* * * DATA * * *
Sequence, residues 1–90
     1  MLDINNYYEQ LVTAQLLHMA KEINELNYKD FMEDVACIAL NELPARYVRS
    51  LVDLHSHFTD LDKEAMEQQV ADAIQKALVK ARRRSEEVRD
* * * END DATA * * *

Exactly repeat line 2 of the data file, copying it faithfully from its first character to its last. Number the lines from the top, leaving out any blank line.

     1  MLDINNYYEQ LVTAQLLHMA KEINELNYKD FMEDVACIAL NELPARYVRS